A riotous, rib-tickling comedy of errors.


In this sequel to There’s a Dinosaur on the 13th Floor (2018), Mr. Snore returns to the Sharemore Hotel for another memorable adventure.

Hired to play his violin at a hotel wedding, Mr. Snore arrives early. When the wedding planner offers him cocoa, Mr. Snore requests no marshmallows because they make him sneeze. Spying a dodo bird gobbling a frosting rose on the wedding cake, Mr. Snore chases it away. While the wedding planner looks for someone to repair the cake, Mr. Snore stands guard, wielding his instrument’s bow like a sword to fend off two beavers and a boa constrictor. Out of an abundance of caution, Mr. Snore moves the cake trolley into a dark closet, but it’s filled with bats. Pushing the trolley away from a pelican and an ostrich, Mr. Snore evades a dinosaur in a tuxedo, locking him in a freezer. Finally, the wedding planner intervenes, and Mr. Snore realizes he’s overreacted and badly misjudged everyone except the offending dodo. Just as all seems sorted out, Mr. Snore sniffs the marshmallow frosting on the wedding cake—with explosive results. Comic, dramatic, fast-paced illustrations reveal well-intentioned Mr. Snore’s cascading mistakes as he heroically thrusts and parries his bow and frantically steers the cake trolley across the pages. Diverse animals dressed in wedding finery border on the absurd, but none match proper Mr. Snore and his hilariously monumental proboscis. Mr. Snore presents White, and the wedding planner has brown skin.

A riotous, rib-tickling comedy of errors. (Picture book. 4-8)

Pub Date: Sept. 21, 2021

ISBN: 978-1-5362-0884-9

Page Count: 40

Publisher: Candlewick

Review Posted Online: July 27, 2021

Kirkus Reviews Issue: Aug. 15, 2021

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Not astonishingly go-out-and-buy-it-at-graduation inspirational, but all it takes is one seed of change to be planted.


Imagination soars—quite literally—when a little girl follows her own set of rules.

Every year Oak Hill School has a go-kart race called the Going Places contest. Students are given identical go-kart kits with a precise set of instructions. And of course, every single kart ends up exactly the same. Every one, that is, except Maya’s. Maya is a dreamy artist, and she would rather sketch birds in her backyard than get caught up in the competition. When she finally does start working, she uses the parts in the go-kart box but creates something completely different. No one ever said it had to be a go-kart. Maya’s creative thinking inspires Rafael, her neighbor (and the most enthusiastic Going Places contestant), to ask to team up. The instructions never say they couldn’t work together, either! An ode to creativity and individuality to be sure, but the Reynolds brothers are also taking a swipe at modern education: Endless repetition and following instructions without question create a culture of conformity. Hopefully now, readers will see infinite possibility every time the system hands them an identical go-kart box.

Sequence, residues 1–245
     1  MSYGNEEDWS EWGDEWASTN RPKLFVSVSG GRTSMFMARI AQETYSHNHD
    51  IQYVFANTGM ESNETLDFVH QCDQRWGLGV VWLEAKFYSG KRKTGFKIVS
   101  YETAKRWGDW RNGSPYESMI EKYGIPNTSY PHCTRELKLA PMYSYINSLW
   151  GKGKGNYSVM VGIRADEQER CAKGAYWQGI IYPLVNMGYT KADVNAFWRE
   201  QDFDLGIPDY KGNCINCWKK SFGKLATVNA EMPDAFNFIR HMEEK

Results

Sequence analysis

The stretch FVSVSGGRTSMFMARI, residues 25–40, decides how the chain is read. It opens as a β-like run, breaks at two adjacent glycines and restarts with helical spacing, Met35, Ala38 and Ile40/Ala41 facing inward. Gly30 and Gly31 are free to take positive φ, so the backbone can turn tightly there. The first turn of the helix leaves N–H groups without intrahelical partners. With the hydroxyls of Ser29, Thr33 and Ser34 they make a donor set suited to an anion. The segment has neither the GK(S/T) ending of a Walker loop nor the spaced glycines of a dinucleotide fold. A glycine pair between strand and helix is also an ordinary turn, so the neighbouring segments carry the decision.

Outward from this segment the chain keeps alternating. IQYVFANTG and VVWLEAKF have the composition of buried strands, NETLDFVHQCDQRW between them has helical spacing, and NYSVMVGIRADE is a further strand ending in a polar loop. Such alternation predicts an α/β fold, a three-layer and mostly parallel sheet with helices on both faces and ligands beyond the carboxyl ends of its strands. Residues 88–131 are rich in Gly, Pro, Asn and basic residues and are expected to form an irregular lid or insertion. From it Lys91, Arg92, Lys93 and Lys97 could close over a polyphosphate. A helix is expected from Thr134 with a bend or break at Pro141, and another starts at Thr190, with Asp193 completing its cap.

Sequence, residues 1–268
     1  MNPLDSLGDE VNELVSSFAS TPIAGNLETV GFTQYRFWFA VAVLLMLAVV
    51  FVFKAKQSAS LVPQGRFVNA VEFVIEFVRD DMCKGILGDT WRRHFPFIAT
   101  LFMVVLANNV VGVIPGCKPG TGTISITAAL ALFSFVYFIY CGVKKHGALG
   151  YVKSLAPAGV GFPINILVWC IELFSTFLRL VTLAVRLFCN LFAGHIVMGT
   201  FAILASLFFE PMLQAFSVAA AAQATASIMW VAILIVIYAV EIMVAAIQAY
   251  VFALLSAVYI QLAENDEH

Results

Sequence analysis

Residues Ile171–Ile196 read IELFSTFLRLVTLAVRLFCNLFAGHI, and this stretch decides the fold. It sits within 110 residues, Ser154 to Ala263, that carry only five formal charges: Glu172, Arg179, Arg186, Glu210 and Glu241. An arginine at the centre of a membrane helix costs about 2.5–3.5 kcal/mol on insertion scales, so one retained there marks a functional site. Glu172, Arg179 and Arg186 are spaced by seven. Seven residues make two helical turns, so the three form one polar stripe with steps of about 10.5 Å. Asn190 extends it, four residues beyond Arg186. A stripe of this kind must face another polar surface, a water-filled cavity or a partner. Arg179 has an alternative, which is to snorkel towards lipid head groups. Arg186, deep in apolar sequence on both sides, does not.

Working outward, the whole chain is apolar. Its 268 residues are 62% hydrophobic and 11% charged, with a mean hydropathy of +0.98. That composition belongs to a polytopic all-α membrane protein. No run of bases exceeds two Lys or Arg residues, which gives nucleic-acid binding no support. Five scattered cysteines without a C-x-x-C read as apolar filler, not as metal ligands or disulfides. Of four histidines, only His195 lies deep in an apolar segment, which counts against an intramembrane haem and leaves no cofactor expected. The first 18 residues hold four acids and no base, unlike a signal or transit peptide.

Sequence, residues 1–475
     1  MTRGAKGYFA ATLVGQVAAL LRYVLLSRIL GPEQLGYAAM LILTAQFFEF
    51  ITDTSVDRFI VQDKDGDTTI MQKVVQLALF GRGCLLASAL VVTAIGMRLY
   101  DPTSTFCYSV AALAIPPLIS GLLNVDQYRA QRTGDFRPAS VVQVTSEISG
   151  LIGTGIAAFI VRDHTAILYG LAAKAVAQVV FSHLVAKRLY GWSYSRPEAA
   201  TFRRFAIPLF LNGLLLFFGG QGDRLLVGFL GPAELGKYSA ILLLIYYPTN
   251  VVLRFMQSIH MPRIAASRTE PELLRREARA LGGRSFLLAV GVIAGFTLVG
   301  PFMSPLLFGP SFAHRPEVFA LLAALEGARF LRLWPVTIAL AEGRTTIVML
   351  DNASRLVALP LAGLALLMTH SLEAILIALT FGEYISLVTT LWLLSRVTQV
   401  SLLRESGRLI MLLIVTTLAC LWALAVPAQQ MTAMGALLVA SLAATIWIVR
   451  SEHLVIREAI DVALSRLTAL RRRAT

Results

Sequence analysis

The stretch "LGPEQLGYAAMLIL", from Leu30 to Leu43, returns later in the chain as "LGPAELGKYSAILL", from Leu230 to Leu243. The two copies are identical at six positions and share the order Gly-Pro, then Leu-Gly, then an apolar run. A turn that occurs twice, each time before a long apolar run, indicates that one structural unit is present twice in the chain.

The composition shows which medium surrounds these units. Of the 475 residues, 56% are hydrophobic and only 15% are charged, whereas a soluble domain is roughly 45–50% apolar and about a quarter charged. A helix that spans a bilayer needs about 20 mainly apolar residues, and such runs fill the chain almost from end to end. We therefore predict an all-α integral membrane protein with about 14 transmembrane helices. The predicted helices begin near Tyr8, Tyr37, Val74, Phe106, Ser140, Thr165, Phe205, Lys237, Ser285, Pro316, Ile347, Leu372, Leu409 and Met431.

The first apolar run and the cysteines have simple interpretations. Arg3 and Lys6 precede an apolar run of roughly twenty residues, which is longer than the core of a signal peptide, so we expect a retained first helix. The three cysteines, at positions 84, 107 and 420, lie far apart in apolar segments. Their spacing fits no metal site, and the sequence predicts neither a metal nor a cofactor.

Not astonishingly go-out-and-buy-it-at-graduation inspirational, but all it takes is one seed of change to be planted. (Picture book. 4-8)

Pub Date: March 18, 2014

ISBN: 978-1-4424-6608-1

Page Count: 40

Publisher: Atheneum

Review Posted Online: Jan. 15, 2014

Kirkus Reviews Issue: Feb. 1, 2014

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Good fun for all little ninjas and their parents.


After swinging out from the jungle after a long day of ninja-ing, Will makes his way home just in time for a bath. But as all ninjas know, danger lurks around every corner.

Even naughty ninjas get hungry, but Dad says, “Pee-yew,” and insists his little ninja get clean before going near a morsel. Ever the Naughty Ninja, Will follows his dad into the bathroom and immediately spies danger: Poisonous flies that have followed him from the jungle! As any parent would, his dad begs him not to say, “Ninja to the rescue,” because we all know what comes after a catchphrase…chaos! Through each increasingly rough rescue, Dad finds himself more and more defeated in his quest to complete bathtime, but ultimately he starts to find the infectious joy that only the ridiculousness of children can bring out in an adult. The art is bright and finds some nifty ninja perspectives that use the space well. It also places an interracial family at its center: Dad has brown skin and dark, puffy hair, and Mom is a white redhead; when out of his ninja cowl, Will looks like a slightly lighter-skinned version of his father. Kids will laugh at everything the dad is put through, and parents will knowingly nod, because we have all had nights with little ninjas soaking the bathroom floor. The book starts out a little text heavy but finds its groove quickly, reading smoothly going forward. Lots of action means it’s best not to save this one for bedtime.

Good fun for all little ninjas and their parents. (Picture book. 4-8)

Pub Date: Jan. 1, 2020

ISBN: 978-1-5420-9433-7

Page Count: 32

Publisher: Two Lions

Review Posted Online: Sept. 15, 2019

Kirkus Reviews Issue: Oct. 1, 2019

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